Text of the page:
Results
A total of 508 PCPs completed the online survey and provided complete clinical data for 770 patients. The reasons provided by the first-ranked physician for not initiating antihyperglycemic therapy were related to diet and exercise (57.5%); mild hyperglycemia (23.8%); patient’s concerns (13.4%); concerns about antihyperglycemic agents (3.0%); and comorbidities and polypharmacy (2.3%). The “diet and exercise” category was the most common first-ranked non-treatment reason, regardless of recent hemoglobin A1c (HbA1c) stratum. Reasons within the “patient’s concerns,” “concerns related to antihyperglycemic agents,” and “comorbidities and polypharmacy” categories tended to be selected more often as first-ranked reasons by physicians for patients with higher HbA1c values. Of the 158 patients whose physicians planned to initiate antihyperglycemic therapy within the next month, 54.4% already had a most recent HbA1c value above their physician-stated threshold for treatment initiation.
Conclusion
In the PCPs studied, there was a tendency to select appropriate reasons for non-treatment with antihyperglycemic agents given their patients’ glycemic status. However, there was inertia related to the initiation of pharmacological therapy in some older patients with newly diagnosed T2DM. Important factors included physicians’ perceptions of “mild” hyperglycemia and the HbA1c threshold for using antihyperglycemic agents.
doi:10.1007/s13300-012-0005-8
PMCID: PMC3508110  PMID: 22700283
Antihyperglycemic agents; Clinical inertia; Elderly; Non-treatment; Type 2 diabetes mellitus
6.  Reasons given by general practitioners for non-treatment decisions in younger and older patients with newly diagnosed type 2 diabetes mellitus in the United Kingdom: a survey study 
Background
Older patients with newly diagnosed type 2 diabetes mellitus are less likely to receive antihyperglycaemic therapy compared to their younger counterparts. The purpose of this study was to assess the reasons of general practitioners (GPs) for not treating younger and older patients with newly diagnosed type 2 diabetes mellitus with antihyperglycaemic agents.
Methods
In a survey conducted between November 2009 and January 2010, 358 GPs from the United Kingdom selected reasons for not initiating antihyperglycaemic therapy in younger (< 65 years) and older (≥65 years) patients with newly diagnosed type 2 diabetes mellitus and untreated with any antihyperglycaemic agent for at least six months following diagnosis. Thirty-six potential reasons were classified into four major categories: Mild hyperglycaemia, Factors related to antihyperglycaemic agents, Comorbidities and polypharmacy, and Patient-related reasons. Reasons for non-treatment were compared between younger (n = 1, 023) and older (n = 1, 005) patients.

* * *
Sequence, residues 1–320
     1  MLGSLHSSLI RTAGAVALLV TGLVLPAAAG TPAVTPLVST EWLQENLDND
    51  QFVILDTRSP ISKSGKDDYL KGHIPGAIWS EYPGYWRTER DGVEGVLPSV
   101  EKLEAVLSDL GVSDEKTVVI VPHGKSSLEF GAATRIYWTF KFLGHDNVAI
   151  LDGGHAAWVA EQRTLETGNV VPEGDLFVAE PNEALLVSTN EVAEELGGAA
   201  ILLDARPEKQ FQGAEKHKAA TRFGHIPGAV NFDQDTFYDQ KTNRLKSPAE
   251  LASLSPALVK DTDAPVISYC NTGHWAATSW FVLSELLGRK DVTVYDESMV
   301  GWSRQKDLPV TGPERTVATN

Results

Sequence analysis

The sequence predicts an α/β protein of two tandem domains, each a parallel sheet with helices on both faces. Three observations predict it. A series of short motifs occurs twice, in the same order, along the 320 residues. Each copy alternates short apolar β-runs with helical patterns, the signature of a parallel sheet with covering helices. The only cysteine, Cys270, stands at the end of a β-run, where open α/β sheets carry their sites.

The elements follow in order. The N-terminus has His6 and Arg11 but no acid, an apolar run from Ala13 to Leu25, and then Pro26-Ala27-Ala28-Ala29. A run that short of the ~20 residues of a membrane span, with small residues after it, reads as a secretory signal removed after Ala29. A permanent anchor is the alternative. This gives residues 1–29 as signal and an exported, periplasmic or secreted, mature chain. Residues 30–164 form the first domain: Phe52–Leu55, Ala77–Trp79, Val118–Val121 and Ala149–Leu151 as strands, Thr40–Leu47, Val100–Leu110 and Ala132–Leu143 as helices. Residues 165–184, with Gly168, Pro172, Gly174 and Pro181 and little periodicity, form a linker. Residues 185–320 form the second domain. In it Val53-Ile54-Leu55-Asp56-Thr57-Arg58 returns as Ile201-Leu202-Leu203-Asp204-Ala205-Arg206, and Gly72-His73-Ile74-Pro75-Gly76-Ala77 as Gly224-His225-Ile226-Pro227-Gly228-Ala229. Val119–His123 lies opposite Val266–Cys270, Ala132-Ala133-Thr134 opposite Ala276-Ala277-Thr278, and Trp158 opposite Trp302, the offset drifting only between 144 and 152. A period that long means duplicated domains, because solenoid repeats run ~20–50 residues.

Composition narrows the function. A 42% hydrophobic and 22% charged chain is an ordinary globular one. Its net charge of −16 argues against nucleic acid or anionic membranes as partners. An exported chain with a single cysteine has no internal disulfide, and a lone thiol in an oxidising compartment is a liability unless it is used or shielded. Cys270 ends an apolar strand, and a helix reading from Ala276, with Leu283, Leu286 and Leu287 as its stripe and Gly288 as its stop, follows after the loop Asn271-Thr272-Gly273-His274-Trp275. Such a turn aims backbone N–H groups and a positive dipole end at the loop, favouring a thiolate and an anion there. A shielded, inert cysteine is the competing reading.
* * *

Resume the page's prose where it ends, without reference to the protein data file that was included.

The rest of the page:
Results
Non-treatment reasons related to Mild hyperglycaemia were selected more often by GPs for both younger (88%) and older (86%) patients than those in other categories. For older patients, Factors related to antihyperglycaemic agents (46% vs. 38%) and Comorbidities and polypharmacy (33% vs. 19%), both including safety-related issues, were selected significantly (p < 0.001) more often by GPs. No between-group difference was observed for the Patient-related reasons category. The GP-reported HbA1c threshold for initiating antihyperglycaemic therapy was significantly (p < 0.001) lower for younger patients (mean ± standard deviation: 7.3% ± 0.7) compared to older patients (7.5% ± 0.9).
Conclusions
GPs selected reasons related to Mild hyperglycaemia for non-treatment of their untreated patients with newly diagnosed type 2 diabetes mellitus, despite nearly one-third of these patients having their most recent HbA1c value ≥7%. The findings further suggest that safety-related issues may influence the non-treatment of older patients with type 2 diabetes mellitus.
doi:10.1186/1472-6823-11-17
PMCID: PMC3219572  PMID: 22035104
7.  Assessment of severity and frequency of self-reported hypoglycemia on quality of life in patients with type 2 diabetes treated with oral antihyperglycemic agents: A survey study 
BMC Research Notes  2011;4:251.
Background
Some oral antihyperglycemic agents may increase risk of hypoglycemia and thereby reduce patient quality of life. Our objective was to assess the impact of the severity and frequency of self-reported hypoglycemia on health-related quality of life (HRQoL) among patients with type 2 diabetes treated with oral antihyperglycemic agents.
Findings
A follow-up survey was conducted in participants with self-reported type 2 diabetes treated with oral antihyperglycemic agents from the US National Health and Wellness Survey 2007. Data were collected on the severity and frequency of hypoglycemic episodes in the 6 months prior to the survey, with severity defined as mild (no interruption of activities), moderate (some interruption of activities), severe (needed assistance of others), or very severe (needed medical attention). HRQoL was assessed using the EuroQol-5D Questionnaire (EQ-5D) US weighted summary score (utility) and Worry subscale of the Hypoglycemia Fear Survey (HFS). Of the participants who completed the survey (N = 1,984), mean age was 58 years, 57% were male, 72% reported an HbA1c <7.0%, and 50% reported treatment with a sulfonylurea-containing regimen. Hypoglycemic episodes were reported by 63% of patients (46% mild, 37% moderate, 13% severe and 4% very severe). For patients reporting hypoglycemia, mean utility score was significantly lower (0.78 versus 0.86, p < 0.0001) and mean HFS score was significantly higher (17.5 versus 6.2, p < 0.0001) compared to patients not reporting hypoglycemia. Differences in mean scores between those with and without hypoglycemia increased with the level of severity (mild, moderate, severe, very severe) for utility (0.03, 0.09, 0.18, 0.23) and HFS (6.1, 13.9, 20.1, 25.6), respectively. After adjusting for age, gender, weight gain, HbA1c, microvascular complications, and selected cardiovascular conditions, the utility decrement was 0.045 (by level of severity: 0.009, 0.055, 0.131, 0.208), and the HFS increase was 9.6 (by severity: 5.3, 12.4, 17.6, 23.2). HRQoL further decreased with greater frequency of hypoglycemic episodes.